Mentions: While the intrinsic properties of the GrC model have only a slight influence on transmission properties for sufficiently high firing-rates, this ceases to be the case when the firing-rates are smaller than the maximum input signal frequency. When analysing all three models (GrC, resonant IF and passive IF) in a population of 100 cells with m(Feff) = 4 spikes/s (Figure 5A, blue lines) it can be observed that the gain and phase for the passive IF population is flat over the whole frequency range and the resonant IF population just shows a small phase lag at higher frequencies due to the induced spike delay (Figures 5A1,A2). In contrast, the response of the GrC model population shows a large gain decay and phase lag at higher frequencies. Similarly, the VAF (Figure 5A3) of the IF populations is rather flat between 40 and 60% over the whole frequency range, whereas for the GrC population, VAF falls off to lower values for 20 Hz which was already seen for the case F0 = 20 spikes/s (Figure 3C2). This relation can be explained by the effect that since the higher frequency content is highly damped, as seen from the strong gain decay, and therefore any reconstruction potential erroneous, the Wiener filter tries instead to optimize the low frequency content of the signal.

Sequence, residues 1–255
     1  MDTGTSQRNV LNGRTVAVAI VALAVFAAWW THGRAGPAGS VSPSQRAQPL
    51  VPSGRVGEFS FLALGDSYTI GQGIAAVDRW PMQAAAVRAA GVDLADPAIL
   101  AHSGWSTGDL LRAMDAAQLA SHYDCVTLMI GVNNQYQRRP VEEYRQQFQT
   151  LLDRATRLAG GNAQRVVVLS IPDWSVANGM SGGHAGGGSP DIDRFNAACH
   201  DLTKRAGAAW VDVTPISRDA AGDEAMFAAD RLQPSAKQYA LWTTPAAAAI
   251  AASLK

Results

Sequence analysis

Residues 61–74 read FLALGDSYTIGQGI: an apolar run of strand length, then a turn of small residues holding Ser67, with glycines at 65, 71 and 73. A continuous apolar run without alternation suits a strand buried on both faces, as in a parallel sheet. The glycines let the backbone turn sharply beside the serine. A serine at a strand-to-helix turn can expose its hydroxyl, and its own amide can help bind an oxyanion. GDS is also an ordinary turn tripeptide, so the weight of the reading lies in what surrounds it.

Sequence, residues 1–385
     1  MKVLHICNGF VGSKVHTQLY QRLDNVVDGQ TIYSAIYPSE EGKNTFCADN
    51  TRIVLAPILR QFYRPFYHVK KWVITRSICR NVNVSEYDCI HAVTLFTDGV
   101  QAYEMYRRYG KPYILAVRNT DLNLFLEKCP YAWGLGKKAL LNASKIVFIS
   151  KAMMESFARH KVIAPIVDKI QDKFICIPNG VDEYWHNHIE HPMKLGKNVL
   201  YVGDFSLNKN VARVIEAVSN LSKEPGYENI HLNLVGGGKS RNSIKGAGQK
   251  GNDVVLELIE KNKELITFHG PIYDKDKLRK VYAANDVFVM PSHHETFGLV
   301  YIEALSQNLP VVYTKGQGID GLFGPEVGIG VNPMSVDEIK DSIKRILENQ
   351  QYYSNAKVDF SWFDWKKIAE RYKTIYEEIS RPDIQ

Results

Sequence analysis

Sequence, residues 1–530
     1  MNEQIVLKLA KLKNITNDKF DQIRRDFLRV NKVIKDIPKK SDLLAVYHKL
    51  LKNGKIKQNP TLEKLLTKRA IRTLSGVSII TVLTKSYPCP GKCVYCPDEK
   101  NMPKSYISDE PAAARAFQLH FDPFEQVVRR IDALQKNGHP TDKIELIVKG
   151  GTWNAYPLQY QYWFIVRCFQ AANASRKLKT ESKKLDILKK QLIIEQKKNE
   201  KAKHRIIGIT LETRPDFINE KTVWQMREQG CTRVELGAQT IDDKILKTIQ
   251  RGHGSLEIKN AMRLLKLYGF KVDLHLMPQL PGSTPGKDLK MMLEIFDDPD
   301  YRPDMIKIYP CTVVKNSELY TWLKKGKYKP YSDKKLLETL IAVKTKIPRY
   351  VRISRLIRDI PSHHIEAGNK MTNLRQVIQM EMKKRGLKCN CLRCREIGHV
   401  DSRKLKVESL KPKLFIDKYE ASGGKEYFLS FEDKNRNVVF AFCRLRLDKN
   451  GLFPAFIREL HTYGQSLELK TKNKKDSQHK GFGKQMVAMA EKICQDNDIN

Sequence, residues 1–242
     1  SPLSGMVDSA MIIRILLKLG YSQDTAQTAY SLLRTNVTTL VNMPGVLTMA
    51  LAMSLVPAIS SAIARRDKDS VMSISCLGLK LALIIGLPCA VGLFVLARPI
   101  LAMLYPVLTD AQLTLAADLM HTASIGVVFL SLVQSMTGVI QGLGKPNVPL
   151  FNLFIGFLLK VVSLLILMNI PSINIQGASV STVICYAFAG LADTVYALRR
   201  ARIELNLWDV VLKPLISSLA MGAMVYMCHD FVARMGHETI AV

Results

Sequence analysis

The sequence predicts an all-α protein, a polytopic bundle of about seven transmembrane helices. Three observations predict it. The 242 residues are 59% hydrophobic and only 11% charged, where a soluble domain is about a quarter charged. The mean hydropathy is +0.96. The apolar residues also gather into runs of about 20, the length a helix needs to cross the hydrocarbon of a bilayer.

Model cerebellar granule cells can faithfully transmit modulated firing rate signals.

Rössert C, Solinas S, D'Angelo E, Dean P, Porrill J - Front Cell Neurosci (2014)

Transmission with low firing-rate. Transfer function gain (A1,B1), phase (A2,B2), VAF (A3,B3) and reconstruction sample (A4,B4) for 100 cell populations of passive IF (dashed lines), resonant IF (rIF) (dotted lines) and GrC model (solid lines) without (A) and with (B) additive filtered slow noise (τn = 100 ms). In addition to the normal case where population is encoding the whole signal (blue lines) push-pull coding (red lines) is shown. In this case, half of the cells encode only the positive and the negative part of the signal respectively. Input current adjusted for all recordings to result in m(Feff) = 4 spikes/s and std(Feff) = 2 spikes/s. [m(VAF) in % for IF/rIF/GrC: 50.9/50.8/46.4; 82.5/80.1/68.3 (push-pull); 72.0/73.1/72.4 (slow noise); 93.8/93.1/87.6 (push-pull + slow noise)].